Located 2,600 miles southwest of Hawaii, the National Park of American Samoa is the most remote unit of the National Park System and the U.S. National Park south of the Equator. The Park spreads across three islands, 9,500 acres of tropical rainforest, and 4,000 acres of ocean, including coral reefs. While remote, the islands of American Samoa, true to the meaning of the word Samoa (Islands of Sacred Earth), are welcoming and offer beautiful landscapes and centuries of culture and history.
Seasoned backpacker and adventurer Yang Lu earned the grand prize in the 2015 Share the Experience photo contest with this image of a sunburst captured at sunrise in Glen Canyon National Recreation Area, Utah. Yang has made the outdoors part of his daily life and finds deep connection to the land through his lens.
“My photography is not just for recreation, it is to inspire people to explore these areas." -- Yang Lu
Photo by Yang Lu (www.sharetheexperience.org).
The plantings of cherry trees originated in 1912 as a gift of friendship to the People of the United States from the People of Japan. In Japan, the flowering cherry tree, or "Sakura," is an exalted flowering plant. The beauty of the cherry blossom is a potent symbol equated with the evanescence of human life and epitomizes the transformation of Japanese culture throughout the ages.
Secretary Salazar Names University of Oklahoma to Host South Central Climate Science Center
Office of the Secretary
Center's Consortium Includes Other Universities, the Chickasaw Nation and the Choctaw Nation of Oklahoma
WASHINGTON, D.C. – Secretary of the Interior Ken Salazar today announced the selection of the University of Oklahoma to host the Department of the Interior's South Central Climate Science Center, joined by CSC consortium partners Texas Tech University, Louisiana State University, the Chickasaw Nation, the Choctaw Nation of Oklahoma, Oklahoma State University, and NOAA's Geophysical Fluid Dynamics Laboratory.
He also announced other locations to complete the national network of eight CSCs that will provide land managers in federal, state and local agencies access to the best science available regarding climate change and other landscape-scale stressors.
“The South Central center and other Climate Science Centers will provide the scientific talent and commitment necessary for understanding how climate change and other landscape stressors will change the face of the United States, and how the Department of the Interior, as our nation's chief steward of natural and cultural resources, can prepare and respond,” said Salazar.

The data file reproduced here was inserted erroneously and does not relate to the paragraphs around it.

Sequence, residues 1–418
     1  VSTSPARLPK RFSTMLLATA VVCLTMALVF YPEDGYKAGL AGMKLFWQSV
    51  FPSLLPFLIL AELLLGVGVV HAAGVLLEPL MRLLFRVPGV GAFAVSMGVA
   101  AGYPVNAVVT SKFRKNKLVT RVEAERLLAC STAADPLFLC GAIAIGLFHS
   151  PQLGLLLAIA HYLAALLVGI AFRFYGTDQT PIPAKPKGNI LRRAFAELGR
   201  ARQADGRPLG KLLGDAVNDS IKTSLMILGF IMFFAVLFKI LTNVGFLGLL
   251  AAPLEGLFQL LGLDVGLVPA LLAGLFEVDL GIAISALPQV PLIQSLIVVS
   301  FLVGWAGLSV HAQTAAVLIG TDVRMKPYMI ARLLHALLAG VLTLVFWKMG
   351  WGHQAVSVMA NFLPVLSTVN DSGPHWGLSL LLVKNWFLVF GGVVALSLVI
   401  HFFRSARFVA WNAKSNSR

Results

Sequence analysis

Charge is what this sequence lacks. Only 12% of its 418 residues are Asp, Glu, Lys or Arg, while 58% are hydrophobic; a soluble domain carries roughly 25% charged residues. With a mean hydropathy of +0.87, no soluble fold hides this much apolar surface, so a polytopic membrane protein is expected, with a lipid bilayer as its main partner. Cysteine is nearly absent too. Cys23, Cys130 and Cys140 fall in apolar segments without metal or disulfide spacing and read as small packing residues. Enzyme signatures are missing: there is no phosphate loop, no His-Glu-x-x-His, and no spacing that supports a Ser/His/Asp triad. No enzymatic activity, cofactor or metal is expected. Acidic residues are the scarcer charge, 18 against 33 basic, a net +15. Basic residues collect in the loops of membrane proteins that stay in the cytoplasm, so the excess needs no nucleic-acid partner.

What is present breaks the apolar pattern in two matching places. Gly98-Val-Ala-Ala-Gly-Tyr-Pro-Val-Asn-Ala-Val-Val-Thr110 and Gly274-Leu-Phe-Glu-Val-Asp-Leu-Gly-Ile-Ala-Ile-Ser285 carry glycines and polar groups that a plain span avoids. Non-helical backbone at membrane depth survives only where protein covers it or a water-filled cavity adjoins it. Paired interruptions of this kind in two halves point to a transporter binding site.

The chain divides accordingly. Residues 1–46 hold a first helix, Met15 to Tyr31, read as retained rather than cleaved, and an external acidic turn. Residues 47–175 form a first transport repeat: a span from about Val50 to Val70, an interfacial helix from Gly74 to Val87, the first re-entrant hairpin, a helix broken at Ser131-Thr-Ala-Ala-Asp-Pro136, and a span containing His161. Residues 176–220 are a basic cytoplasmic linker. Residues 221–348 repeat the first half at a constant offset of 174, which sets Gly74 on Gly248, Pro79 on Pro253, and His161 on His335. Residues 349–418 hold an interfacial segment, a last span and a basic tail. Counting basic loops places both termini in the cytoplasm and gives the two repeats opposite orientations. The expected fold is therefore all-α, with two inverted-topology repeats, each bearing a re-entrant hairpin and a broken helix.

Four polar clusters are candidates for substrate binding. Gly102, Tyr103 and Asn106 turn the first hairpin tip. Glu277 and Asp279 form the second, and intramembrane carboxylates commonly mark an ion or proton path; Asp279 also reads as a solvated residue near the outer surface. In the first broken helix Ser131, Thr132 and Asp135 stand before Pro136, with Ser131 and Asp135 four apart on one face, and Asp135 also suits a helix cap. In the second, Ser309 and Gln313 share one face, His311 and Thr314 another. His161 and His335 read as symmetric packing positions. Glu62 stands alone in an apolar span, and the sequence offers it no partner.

The South Central CSC Consortium has broad expertise in the physical, biological, natural, and social sciences to address impacts of climate change on land, water, fish and wildlife, ocean, coastal, and cultural resources, including 30 departments within the four universities. Salazar noted that the CSCs will expand climate science capabilities without building new facilities or duplicating existing capabilities.
With 39 federally recognized American Indian tribes in Oklahoma, engaging tribal communities with the CSC is doubly important. The South Central CSC Consortium includes the Chickasaw Nation and the Choctaw Nation of Oklahoma as part of its consortium.. The two nations will collaborate on the selection of a “tribal sustainability officer” to be located at the CSC, but with significant responsibilities to foster two-way communication between tribes in the region and their members and the CSC and associated scientists. This communication will include assisting the CSC in understanding the tribes' needs related to the management of their substantial natural resource assets, as well as communication of scientific results to tribal managers.
The CSCs will serve as regional hubs of the National Climate Change and Wildlife Science Center, located at the headquarters of Interior's U.S. Geological Survey. USGS is taking the lead on establishing the CSCs and providing initial staffing. Together, Interior's CSCs and LCCs will assess the impacts of climate change and other landscape-scale stressors that typically extend beyond the borders of any single national wildlife refuge, national park or Bureau of Land Management unit and will identify strategies to ensure that resources across landscapes are resilient.